Under the Protection of Freedoms Act, it is now illegal to clamp, tow or immobilise cars parked on private land without lawful authority - anyone found breaking the law can potentially face an unlimited fine. This effectively means that clamping and towing will be restricted to the police, local authorities, the DVLA and other authorities acting in accordance with by-laws like airports and railways stations.
Other changes that have also come in from 1 October include giving police more powers to remove cars parked on private land, while unpaid tickets can now be claimed from the registered owner of the vehicle, as well as the driver. There will also be an Independent Appeals Service funded by the British Parking Association (BPA) that will allow drivers to be able to appeal tickets issued on private land by a company that is a member of the BPA's Approved Operator Scheme. This has been criticised as a little bit like getting the Highwaymen clampers to simply register themselves or even for the worse offenders not to even bother and carry on as before – the AA for example has warned that the measures don't go far enough.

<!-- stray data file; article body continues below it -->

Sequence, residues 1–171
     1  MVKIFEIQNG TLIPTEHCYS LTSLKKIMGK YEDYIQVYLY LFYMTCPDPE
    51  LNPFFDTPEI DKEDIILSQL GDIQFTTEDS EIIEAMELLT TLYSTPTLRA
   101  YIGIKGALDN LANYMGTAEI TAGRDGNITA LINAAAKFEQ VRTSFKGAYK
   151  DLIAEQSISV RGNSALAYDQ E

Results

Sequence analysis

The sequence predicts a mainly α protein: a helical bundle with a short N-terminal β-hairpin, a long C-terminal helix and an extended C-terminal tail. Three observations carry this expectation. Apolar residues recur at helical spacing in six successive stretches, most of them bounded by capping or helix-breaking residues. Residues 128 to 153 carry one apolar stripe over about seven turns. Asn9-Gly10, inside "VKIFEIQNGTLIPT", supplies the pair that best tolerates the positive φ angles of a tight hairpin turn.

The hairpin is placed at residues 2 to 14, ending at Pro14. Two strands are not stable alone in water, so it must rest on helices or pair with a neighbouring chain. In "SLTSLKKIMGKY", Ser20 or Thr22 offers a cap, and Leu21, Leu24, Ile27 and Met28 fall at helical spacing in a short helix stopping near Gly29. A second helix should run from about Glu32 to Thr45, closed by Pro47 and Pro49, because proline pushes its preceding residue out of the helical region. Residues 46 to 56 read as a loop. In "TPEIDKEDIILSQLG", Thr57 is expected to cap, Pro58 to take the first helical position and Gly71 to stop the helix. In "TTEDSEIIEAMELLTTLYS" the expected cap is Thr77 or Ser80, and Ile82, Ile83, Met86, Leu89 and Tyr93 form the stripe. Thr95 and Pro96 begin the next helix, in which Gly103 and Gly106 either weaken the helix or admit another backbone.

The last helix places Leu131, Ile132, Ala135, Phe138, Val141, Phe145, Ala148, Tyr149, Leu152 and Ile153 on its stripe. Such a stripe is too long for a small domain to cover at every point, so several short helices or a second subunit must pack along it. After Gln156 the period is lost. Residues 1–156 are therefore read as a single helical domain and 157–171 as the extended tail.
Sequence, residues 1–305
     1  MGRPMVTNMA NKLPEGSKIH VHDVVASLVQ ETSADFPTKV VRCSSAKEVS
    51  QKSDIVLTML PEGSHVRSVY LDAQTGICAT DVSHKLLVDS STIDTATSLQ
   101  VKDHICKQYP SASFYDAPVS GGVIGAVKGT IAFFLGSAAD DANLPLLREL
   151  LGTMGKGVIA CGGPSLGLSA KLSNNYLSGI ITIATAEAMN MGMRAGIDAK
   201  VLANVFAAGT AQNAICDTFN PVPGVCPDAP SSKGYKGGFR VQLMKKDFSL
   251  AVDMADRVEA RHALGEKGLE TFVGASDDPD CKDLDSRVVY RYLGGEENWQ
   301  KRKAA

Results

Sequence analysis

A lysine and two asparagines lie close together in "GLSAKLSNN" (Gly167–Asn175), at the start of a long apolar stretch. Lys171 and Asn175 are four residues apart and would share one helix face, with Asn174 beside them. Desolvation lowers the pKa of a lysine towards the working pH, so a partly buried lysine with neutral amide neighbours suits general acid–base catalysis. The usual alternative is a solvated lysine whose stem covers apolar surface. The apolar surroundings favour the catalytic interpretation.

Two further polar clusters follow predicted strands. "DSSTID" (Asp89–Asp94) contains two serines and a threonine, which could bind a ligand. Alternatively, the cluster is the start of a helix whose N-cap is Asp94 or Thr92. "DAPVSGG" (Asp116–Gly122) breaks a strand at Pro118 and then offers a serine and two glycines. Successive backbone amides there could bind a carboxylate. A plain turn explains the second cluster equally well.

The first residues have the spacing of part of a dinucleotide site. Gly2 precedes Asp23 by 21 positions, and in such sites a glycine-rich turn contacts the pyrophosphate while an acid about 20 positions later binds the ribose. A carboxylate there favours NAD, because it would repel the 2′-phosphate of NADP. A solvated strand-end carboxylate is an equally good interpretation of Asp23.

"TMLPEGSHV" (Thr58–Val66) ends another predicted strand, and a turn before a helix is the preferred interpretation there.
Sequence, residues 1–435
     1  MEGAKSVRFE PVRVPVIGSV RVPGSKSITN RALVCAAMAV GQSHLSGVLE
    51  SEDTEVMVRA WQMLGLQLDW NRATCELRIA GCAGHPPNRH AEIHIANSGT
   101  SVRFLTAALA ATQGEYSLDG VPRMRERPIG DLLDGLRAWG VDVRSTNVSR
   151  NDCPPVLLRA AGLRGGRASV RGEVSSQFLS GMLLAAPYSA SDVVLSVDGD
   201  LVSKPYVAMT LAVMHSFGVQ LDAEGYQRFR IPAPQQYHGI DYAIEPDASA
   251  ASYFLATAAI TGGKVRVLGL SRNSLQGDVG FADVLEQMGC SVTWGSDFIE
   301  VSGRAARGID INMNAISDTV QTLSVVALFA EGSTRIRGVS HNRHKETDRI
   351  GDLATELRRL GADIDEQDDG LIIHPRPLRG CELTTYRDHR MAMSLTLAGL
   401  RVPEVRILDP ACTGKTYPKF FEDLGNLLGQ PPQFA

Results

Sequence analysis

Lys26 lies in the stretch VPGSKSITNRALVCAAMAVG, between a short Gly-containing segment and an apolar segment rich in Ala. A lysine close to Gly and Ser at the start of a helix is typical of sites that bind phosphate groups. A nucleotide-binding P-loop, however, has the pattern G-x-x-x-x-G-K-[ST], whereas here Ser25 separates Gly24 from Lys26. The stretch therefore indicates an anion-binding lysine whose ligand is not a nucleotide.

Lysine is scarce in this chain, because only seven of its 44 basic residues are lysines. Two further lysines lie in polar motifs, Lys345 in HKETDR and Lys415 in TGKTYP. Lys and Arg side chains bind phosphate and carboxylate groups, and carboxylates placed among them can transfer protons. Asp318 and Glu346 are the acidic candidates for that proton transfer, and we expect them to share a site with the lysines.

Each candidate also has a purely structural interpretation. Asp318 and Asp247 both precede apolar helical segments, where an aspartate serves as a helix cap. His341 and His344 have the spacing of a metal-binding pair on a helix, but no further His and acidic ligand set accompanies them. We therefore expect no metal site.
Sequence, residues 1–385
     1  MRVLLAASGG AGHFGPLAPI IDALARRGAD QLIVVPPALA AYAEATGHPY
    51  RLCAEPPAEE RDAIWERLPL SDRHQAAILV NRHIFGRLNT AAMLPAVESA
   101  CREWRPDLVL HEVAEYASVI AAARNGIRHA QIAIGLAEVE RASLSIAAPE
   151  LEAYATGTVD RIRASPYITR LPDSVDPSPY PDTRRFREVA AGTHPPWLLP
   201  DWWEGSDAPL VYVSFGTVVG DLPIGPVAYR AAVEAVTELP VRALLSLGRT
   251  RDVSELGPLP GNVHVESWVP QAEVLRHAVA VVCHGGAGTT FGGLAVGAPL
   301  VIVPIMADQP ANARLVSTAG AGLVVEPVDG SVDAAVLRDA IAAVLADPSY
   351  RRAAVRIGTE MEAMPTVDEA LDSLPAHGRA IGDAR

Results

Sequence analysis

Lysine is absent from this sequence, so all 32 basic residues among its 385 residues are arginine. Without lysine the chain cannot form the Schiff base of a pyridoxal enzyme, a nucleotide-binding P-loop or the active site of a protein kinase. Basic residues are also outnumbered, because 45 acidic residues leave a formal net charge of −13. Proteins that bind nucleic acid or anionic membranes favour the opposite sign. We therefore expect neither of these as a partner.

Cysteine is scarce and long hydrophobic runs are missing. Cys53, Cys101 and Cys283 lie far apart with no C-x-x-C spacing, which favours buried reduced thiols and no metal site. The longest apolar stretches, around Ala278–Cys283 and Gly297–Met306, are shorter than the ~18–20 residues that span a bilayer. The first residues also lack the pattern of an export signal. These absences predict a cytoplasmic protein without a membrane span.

So if you are a landowner who has nuisance parking issues, now might be a good time to consider an alternative to the cowboy clampers. A solution for some landowners could be to have better car park and traffic barriers. Parking bollards and posts can be very effective in marking out boundaries and something like the hinged padlock parking posts or a retractable post that is lockable in an upright position are ideal to restrict illicit parking.
As well as bollards and posts, the Workplace Depot can also supply height restriction barriers, swing gates and automatic barriers. For more information please see our barriers section and if you need further information on any of our parking products, please do not hesitate to call our Helpline on 0800 012 6777 (Mon-Fri. standard UK office hours).
Tim Price writes for a number of popular websites including The Workplace Depot and BigArt